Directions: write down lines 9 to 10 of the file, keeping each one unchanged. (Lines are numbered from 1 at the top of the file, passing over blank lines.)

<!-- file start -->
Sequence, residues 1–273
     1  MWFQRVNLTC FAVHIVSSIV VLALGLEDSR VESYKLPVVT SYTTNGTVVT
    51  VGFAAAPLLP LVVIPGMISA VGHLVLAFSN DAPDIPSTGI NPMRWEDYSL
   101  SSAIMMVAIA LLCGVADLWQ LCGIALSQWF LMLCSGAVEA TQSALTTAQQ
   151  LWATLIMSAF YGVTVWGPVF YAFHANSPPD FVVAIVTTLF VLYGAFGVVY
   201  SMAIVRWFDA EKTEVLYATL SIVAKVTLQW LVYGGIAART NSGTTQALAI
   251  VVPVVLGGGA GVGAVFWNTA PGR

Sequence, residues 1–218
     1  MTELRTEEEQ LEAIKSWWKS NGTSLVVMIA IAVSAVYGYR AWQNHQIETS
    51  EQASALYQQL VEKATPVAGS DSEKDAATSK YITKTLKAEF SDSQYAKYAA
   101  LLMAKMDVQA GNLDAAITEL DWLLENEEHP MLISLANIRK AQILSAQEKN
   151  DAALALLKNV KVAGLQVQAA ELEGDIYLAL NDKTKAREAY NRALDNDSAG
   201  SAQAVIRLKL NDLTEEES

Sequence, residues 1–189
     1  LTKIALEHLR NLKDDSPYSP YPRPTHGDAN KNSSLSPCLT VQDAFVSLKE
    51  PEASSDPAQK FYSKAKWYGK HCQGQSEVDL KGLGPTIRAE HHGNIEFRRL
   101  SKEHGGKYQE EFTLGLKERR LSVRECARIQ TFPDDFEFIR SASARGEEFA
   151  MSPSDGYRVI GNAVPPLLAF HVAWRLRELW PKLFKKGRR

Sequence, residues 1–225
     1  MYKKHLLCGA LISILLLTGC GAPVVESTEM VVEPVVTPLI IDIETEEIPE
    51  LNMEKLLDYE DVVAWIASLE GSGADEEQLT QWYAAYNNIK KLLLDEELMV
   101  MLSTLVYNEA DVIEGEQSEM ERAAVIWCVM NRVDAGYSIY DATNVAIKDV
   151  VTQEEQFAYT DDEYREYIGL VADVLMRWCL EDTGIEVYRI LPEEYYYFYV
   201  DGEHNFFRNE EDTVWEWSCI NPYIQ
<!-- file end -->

     1  MTELRTEEEQ LEAIKSWWKS NGTSLVVMIA IAVSAVYGYR AWQNHQIETS
    51  EQASALYQQL VEKATPVAGS DSEKDAATSK YITKTLKAEF SDSQYAKYAA